World Evangelical Alliance Secretary-General Says Biblical Illiteracy Is the Biggest Problem Facing Global Christianity

Thomas Schirrmacher speaks at "Mission Freedom," an event on human trafficking in Frankfurt, Germany. | Martin Warnecke
Thomas Schirrmacher speaks at “Mission Freedom,” an event on human trafficking in Frankfurt, Germany. | Martin Warnecke

The biggest crisis facing the evangelical, global church today is the growing lack of biblical literacy worldwide, according to Thomas Schirrmacher, the newly elected secretary-general of the World Evangelical Alliance.

“Our biggest problem is that Bible knowledge is fading away,” Schirrmacher told The Christian Post. “This is the utmost problem we have beyond all theological differences, financial problems, and political questions.”

Schirrmacher, who studied theology in Switzerland and the United States, and serves as the WEA’s Associate Secretary General for Theological Concerns, said that in the Western world “more and more kids that come from evangelical families are not really rooted in the Bible,” and many of them leave the faith.

“In the Western world, the percentage of kids from Christian families who stay in the faith is going down,” he said.

The number of young people leaving the faith in Western countries is “counteracted” by people becoming Christians as young adults in other parts of the world, according to Schirrmacher.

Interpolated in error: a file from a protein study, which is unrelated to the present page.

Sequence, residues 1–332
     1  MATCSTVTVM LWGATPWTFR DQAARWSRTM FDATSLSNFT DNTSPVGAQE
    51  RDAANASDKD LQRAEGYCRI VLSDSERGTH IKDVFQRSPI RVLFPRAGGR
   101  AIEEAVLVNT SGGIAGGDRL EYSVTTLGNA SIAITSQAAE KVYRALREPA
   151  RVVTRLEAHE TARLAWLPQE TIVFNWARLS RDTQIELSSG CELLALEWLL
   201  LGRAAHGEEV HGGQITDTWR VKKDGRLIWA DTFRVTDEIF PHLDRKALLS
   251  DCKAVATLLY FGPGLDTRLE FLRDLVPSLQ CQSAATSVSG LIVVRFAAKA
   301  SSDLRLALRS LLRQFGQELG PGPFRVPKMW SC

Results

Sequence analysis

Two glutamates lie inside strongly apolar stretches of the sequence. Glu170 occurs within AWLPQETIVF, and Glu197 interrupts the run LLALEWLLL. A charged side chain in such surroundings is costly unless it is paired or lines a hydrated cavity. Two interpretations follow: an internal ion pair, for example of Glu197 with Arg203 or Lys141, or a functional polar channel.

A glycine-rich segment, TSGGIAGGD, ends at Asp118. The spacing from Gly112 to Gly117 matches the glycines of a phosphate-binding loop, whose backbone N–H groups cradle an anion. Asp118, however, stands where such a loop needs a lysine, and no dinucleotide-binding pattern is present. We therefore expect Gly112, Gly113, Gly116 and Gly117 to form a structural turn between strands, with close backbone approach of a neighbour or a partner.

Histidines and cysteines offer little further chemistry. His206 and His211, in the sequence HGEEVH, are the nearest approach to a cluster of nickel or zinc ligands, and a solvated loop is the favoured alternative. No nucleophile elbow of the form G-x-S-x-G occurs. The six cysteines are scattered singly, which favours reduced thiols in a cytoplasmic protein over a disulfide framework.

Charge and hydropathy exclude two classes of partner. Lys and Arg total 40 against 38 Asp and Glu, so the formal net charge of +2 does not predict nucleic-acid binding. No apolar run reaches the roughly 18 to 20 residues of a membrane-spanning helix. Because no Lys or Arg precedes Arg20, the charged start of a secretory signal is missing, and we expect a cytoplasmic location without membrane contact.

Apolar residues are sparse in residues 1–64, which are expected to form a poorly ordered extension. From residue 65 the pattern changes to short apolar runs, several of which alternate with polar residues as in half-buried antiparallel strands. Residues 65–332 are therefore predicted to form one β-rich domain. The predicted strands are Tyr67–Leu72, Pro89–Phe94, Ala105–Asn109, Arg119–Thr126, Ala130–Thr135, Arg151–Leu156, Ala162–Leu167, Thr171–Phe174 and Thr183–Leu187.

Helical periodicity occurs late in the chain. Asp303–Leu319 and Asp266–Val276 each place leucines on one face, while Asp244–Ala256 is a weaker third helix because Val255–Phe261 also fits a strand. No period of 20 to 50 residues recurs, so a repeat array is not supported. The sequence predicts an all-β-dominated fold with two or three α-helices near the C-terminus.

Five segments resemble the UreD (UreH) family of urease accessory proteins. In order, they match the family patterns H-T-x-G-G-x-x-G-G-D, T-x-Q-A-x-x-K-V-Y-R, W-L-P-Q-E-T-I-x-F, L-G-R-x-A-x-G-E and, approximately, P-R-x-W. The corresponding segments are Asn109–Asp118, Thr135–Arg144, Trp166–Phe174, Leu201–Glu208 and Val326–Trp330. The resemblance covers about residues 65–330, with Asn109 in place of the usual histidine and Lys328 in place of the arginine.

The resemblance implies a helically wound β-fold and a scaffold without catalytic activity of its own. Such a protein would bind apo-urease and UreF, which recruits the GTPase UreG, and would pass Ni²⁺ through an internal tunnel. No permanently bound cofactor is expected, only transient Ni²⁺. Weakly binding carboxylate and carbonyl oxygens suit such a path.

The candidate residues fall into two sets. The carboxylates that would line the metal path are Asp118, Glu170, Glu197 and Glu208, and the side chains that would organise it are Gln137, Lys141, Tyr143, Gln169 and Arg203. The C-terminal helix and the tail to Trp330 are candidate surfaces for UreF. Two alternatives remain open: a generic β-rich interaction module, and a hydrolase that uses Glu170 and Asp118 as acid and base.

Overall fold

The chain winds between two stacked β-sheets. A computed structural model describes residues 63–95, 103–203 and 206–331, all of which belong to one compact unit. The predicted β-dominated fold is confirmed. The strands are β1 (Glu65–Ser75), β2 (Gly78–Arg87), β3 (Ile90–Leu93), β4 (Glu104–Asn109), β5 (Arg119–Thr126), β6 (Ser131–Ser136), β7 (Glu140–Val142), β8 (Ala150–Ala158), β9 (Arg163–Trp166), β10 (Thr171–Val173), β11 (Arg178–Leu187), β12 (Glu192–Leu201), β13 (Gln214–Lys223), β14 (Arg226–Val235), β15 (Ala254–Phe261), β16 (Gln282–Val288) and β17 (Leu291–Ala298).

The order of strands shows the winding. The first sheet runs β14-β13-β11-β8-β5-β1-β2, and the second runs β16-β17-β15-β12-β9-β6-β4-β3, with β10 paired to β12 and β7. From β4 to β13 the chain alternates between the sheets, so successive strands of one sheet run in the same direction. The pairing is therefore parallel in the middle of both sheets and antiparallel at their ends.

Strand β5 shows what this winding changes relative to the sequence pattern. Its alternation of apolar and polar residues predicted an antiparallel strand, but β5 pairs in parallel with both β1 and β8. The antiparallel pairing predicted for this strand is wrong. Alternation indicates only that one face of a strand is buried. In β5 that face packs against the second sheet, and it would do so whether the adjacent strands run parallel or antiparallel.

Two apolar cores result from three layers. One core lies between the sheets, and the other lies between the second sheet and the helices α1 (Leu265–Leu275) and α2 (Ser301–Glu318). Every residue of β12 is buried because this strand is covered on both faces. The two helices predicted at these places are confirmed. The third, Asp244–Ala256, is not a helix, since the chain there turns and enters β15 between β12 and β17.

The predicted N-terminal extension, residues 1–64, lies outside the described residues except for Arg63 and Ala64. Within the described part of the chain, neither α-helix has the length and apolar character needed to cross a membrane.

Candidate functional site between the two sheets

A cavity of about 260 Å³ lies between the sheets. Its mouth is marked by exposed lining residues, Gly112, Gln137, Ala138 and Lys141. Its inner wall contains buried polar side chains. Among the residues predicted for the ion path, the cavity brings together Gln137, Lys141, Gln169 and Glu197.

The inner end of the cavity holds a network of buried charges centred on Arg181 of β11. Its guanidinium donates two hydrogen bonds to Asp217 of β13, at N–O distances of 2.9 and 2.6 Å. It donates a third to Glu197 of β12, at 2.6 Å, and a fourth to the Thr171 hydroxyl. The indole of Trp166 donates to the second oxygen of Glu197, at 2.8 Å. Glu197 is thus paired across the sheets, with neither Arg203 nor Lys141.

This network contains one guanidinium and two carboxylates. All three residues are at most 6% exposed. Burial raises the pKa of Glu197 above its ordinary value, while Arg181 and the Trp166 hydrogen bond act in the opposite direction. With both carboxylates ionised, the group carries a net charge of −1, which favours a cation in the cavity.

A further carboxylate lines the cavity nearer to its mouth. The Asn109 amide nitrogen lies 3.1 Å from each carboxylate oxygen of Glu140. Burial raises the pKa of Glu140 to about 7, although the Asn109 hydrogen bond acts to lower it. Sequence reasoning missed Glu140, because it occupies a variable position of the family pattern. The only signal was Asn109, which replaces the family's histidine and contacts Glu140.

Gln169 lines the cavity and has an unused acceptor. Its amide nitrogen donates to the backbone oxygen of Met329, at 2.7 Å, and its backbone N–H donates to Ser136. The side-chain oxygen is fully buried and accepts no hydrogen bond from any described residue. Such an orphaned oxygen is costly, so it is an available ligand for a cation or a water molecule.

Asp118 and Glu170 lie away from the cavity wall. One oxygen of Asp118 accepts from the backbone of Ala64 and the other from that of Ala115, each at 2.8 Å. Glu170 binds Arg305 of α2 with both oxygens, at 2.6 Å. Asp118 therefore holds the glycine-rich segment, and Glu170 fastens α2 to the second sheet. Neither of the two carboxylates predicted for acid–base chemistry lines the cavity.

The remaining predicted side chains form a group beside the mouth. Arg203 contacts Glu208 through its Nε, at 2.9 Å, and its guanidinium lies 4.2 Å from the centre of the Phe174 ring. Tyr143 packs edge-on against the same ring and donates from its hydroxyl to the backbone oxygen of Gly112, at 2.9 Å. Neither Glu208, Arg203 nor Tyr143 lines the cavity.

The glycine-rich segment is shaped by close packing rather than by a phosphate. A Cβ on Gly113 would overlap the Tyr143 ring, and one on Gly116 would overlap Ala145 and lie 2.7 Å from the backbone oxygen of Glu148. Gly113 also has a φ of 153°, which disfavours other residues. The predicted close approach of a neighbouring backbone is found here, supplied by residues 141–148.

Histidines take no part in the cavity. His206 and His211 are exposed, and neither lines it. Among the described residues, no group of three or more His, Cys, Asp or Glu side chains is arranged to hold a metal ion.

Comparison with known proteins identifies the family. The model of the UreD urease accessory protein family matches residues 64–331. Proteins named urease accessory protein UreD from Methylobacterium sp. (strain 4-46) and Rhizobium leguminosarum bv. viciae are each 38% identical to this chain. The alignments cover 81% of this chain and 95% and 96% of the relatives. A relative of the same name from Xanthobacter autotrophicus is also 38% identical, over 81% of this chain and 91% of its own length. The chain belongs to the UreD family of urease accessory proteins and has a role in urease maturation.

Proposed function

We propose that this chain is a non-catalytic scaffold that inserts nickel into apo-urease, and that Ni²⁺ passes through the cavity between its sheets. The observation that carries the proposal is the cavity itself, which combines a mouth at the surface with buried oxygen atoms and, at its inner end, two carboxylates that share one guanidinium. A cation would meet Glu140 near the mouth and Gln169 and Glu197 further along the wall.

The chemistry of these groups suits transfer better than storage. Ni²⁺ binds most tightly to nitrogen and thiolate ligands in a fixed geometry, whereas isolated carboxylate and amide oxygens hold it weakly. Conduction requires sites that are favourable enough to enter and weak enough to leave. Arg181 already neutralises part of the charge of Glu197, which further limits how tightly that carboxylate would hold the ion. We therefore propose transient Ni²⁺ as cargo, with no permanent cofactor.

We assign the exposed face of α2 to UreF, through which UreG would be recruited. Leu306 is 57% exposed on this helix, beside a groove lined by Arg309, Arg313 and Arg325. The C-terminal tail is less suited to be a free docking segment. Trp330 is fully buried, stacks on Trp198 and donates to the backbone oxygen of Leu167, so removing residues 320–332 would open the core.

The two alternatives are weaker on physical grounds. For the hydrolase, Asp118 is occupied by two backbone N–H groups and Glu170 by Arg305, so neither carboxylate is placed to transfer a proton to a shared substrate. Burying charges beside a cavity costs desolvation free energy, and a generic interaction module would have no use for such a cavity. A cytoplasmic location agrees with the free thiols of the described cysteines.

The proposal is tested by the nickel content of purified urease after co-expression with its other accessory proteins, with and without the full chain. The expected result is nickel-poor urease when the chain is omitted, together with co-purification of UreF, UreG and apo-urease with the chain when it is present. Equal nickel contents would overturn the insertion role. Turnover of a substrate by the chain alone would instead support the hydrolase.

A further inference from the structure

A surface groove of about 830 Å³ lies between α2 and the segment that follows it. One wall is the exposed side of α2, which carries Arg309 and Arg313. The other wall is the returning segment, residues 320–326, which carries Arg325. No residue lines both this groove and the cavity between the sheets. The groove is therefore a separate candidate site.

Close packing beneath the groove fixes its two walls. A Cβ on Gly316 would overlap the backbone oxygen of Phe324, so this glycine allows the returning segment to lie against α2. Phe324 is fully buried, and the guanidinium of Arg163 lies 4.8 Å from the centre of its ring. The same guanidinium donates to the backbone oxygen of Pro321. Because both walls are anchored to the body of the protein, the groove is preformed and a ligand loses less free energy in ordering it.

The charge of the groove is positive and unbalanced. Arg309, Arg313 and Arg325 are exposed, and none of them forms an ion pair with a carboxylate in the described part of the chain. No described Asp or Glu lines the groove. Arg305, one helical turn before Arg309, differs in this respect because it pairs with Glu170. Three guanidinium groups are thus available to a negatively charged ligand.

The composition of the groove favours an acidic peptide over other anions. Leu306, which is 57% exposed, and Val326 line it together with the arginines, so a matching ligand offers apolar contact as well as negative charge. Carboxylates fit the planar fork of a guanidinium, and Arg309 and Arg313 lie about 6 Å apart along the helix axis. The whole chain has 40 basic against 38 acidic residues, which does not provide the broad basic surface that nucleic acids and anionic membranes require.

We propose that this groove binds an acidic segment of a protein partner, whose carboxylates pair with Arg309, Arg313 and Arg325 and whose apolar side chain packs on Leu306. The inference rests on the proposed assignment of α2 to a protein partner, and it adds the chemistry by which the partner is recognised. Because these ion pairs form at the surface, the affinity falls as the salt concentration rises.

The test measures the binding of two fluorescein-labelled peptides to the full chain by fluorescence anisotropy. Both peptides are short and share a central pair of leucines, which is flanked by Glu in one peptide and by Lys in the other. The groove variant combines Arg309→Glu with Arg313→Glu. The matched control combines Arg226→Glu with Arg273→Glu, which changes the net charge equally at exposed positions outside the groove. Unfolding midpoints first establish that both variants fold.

However, these young Christians also lack deep biblical knowledge and “only know about the Bible what they learned from their conversion,” he said. In rural areas, young Christians are often tasked with leading large churches despite their lack of biblical and theological knowledge.

“So many people are becoming believers that the one who has been a believer the longest becomes the leader of the church,” Schirrmacher said. “That might be three years. Short for us, but long for them. We have such a high conversion rate worldwide, that it’s extremely difficult to follow up with discipling, with teaching, with Bible knowledge. The result is that people know much less and are more much more open to secularism and strange things like the ‘health and wealth’ gospel.”

According to the State of the Bible 2020 report released by the Barna Group and the American Bible Society, U.S. adults who say they read the Bible daily dropped from 14% to 9% between early 2019 and 2020.

The study found that the proportion of Americans who read the Bible daily also fell to fewer than one in 10 (9%), the lowest number on record during the 10 years of the State of the Bible research study.

Schirrmacher told CP that WEA seeks to combat the “crisis” of insufficiently trained church leadership by providing a recognized, global standard for outcome- and impact-based assessment.

“This is just one thing we do, but it’s extremely important,” he stressed. “Because if evangelicals don’t know the Bible any longer, it doesn’t make any sense that we are a Bible movement. We have nothing else. We have no pope, we have no structure that keeps us together, no matter what we believe. We need to sit down and study the Bible, know the Scriptures, and be properly equipped for ministry.”

Schirrmacher will replace Bp Efraim Tendero as head of the WEA on March 1, 2021.

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Source: Christian Post